Aces on Bridge — Daily Columns

The Aces on Bridge: Wednesday, March 25, 2009



Vul: Both

9 7 6
K 4
A J 9 8 7 5
K 4
West East
Q 8 5 4 2 A 3
A 10 9 7 6 2
6 3 2 K 4
8 5 3 J 9 7 6 2
K J 10
Q J 8 5 3
Q 10
A Q 10
South West North East
1 Pass
1 Pass 2 Pass
3NT All Pass

Opening Lead: 4

“Every age has had its specialists. When smoke signals were the medium, there were surely some American Indians a little more nimble with their blankets.”

— Upper & Lower Case magazine

One question that many readers ask me is how to signal as a defender. The simple answer is that when one defender leads a suit, it is simplest and best to signal attitude, and if attitude is known, to signal count, unless (and this is a big caveat) the number of tricks the defenders can take in the suit is already defined by bridge logic.

In that last case, suit preference is the most useful signal one can send; and by suit preference I mean the size of the irrelevant spot cards played by the defense indicates their liking or disliking for the higher or lower suit. An example may make this plainer.

When West leads the spade four against three no-trump, East wins with the ace and returns his remaining spade, correctly believing that his partner has a five-card spade suit. South will play the spade jack on the second trick, and West must win the spade queen. What next? We have come to the critical play: West must return the spade eight to clear the suit.

The point is that while establishing his spades, West should indicate to his partner that he has an entry card in the heart suit by returning the highest possible spade (a suit-preference signal showing an entry in a high-ranking suit). As you can see, when East gains the lead with the diamond king, if he leads a club instead of a heart, declarer will make his contract.

ANSWER: If you play the Principle of Fast Arrival (not everybody does), North’s sequence implies some interest in higher things. With no slam interest, he would have jumped to four hearts. That being so, this hand is slam-suitable, and the way to show it is to cue-bid four clubs. This suggests the club ace and a maximum hand.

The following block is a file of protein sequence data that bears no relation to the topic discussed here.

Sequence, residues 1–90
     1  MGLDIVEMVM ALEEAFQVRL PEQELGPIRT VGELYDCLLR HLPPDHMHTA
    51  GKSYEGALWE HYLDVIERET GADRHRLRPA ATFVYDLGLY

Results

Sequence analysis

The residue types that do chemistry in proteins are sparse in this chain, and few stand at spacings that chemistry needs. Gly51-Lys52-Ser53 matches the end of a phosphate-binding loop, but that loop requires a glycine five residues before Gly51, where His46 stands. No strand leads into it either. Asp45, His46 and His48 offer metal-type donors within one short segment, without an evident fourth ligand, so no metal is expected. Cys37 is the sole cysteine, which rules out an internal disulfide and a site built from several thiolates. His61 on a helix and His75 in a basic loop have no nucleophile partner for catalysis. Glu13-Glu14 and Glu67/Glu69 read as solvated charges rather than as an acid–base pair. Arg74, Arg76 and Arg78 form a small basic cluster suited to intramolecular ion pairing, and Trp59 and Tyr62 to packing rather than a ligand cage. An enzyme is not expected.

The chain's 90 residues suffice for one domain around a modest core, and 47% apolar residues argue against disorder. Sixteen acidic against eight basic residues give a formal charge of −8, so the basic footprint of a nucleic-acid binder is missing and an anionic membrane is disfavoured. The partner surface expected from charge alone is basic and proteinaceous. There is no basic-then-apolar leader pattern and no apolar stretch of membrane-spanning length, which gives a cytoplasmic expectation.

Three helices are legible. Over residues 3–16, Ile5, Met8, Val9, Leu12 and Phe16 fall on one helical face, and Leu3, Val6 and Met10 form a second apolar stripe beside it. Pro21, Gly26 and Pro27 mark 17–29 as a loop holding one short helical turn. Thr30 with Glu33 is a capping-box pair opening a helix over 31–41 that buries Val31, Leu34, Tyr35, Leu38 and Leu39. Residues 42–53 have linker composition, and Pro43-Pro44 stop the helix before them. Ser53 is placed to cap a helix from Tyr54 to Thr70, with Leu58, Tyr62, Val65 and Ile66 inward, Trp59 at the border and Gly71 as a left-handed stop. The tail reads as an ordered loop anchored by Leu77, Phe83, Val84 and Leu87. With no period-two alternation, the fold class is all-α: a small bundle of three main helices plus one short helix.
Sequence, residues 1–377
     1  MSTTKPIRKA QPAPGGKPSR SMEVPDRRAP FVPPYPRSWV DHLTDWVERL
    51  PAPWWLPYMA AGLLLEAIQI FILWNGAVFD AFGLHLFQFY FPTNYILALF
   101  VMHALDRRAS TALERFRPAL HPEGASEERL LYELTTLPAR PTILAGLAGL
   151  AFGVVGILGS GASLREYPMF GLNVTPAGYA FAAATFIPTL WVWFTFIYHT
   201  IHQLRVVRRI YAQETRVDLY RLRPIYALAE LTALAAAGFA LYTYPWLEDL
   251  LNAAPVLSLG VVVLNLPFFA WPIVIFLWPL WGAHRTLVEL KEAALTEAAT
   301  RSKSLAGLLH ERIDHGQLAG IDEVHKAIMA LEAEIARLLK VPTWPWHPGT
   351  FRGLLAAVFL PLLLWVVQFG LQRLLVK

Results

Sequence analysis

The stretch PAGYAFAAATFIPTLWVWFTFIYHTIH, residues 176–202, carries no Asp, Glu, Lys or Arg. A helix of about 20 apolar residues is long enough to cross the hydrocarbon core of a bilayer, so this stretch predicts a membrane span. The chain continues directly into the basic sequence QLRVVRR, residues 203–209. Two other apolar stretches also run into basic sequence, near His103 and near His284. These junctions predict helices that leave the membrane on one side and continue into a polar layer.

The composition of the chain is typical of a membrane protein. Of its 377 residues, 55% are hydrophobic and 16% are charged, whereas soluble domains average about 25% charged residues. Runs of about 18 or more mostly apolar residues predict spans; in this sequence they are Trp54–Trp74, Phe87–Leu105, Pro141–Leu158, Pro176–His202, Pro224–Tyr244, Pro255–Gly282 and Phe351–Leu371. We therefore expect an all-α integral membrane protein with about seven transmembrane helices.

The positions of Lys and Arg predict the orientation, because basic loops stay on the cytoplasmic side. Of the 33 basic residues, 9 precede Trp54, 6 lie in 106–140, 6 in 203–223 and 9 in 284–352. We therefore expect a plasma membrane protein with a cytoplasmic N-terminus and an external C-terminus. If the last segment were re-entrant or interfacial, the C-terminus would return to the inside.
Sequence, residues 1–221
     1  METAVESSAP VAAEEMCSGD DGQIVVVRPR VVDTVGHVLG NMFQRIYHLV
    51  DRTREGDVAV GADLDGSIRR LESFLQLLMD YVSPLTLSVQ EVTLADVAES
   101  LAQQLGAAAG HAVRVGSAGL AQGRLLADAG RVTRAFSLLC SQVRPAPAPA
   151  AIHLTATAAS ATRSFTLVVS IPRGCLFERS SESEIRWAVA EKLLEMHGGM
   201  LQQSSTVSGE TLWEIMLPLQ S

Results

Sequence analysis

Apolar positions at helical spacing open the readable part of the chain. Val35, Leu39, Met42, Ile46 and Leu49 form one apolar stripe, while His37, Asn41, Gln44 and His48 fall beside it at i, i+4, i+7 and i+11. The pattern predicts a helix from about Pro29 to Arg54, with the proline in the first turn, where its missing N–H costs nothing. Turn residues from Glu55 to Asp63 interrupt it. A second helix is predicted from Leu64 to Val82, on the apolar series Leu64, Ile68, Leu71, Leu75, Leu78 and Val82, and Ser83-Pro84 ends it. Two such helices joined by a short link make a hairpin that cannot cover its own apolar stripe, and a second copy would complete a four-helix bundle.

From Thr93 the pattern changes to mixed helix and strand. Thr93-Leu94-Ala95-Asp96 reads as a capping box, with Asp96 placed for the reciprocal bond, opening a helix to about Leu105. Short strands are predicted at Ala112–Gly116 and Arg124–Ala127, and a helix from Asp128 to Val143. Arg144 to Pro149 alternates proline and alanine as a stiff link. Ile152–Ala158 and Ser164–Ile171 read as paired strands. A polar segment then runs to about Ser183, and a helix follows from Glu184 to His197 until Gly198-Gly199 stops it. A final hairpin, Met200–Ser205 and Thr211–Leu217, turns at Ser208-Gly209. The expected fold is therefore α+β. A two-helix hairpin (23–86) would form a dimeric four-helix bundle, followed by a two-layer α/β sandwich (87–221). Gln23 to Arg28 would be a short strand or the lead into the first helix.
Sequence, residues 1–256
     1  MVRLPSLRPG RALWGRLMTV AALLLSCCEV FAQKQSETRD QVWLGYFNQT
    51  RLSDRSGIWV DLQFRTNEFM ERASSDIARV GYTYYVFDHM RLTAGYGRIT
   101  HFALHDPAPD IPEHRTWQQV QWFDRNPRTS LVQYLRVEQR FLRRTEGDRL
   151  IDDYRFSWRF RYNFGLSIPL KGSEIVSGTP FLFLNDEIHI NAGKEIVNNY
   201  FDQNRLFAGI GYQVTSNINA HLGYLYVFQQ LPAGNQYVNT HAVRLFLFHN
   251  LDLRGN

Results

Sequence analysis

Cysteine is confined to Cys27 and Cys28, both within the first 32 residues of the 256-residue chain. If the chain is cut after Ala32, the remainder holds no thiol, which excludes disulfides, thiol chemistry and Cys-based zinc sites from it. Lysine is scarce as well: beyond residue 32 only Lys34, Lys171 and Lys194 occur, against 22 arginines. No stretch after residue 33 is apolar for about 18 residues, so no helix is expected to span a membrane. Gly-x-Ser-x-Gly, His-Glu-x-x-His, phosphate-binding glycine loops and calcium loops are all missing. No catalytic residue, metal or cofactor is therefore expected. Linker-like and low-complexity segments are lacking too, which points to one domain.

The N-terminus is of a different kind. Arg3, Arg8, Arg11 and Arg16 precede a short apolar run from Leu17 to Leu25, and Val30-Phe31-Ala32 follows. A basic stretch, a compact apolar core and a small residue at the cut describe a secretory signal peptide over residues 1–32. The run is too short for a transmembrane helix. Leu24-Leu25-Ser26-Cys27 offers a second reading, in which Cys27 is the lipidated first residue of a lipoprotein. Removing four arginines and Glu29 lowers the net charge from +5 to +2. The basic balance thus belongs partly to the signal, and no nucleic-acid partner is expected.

South Holds:

K J 10
Q J 8 5 3
Q 10
A Q 10
South West North East
1 Pass 2 Pass
2NT Pass 3 Pass

If you would like to contact Bobby Wolff, feel free to leave a comment at this blog. Reproduced with permission of United Feature Syndicate, Inc., Copyright 2009.


bruce karlsonApril 8th, 2009 at 10:53 am

Back again!!!

Anyway, using the rule of seven, and hoping to foul the clarity of LHO’s signal, I would take the Spade King at trick two. In that case, should LHO play the 8 to indicate a Heart or the 2 showing 5?? It seems to me that playing the King at trick two puts a bit of dust in the air, never a bad thing. What sayeth you???

Bobby WolffApril 8th, 2009 at 3:00 pm

Hi Bruce,

Although from declarer’s point of view, it does look like the spades are exactly the way they are, I, as declarer would also finesse the Jack at trick 2.

First, sometimes the declarer will fall victim to an illusion when the spades are distributed, West holding 3 small, and possibly leading MUD (middle, up, down) and East holding 4 to the AQ.

Second, and more likely, what about if East has A32 and the king of diamonds as well as the ace of hearts. Then the spade finesse as a declarer, serves as a holdup play and will eventually prevent the defense from taking the setting 5th trick.

As you surmised, if declarer does rise with the king at trick 2, YES!! West should play the 8 as a same suit preference if and when, from West’s viewpoint, East gets on lead. As you can see, sometimes bridge can be a real thinking man’s game, which requires legal signalling and detective work and other times only needs focus and discipline.

One fact which really comes forth in SPADES (forgive me) is your bright, inquisitive mind and your beginning love for our great game. Please stay with it and with as much energy as you can muster. I can assure you that you will be rarely disappointed.

Thanks for writing.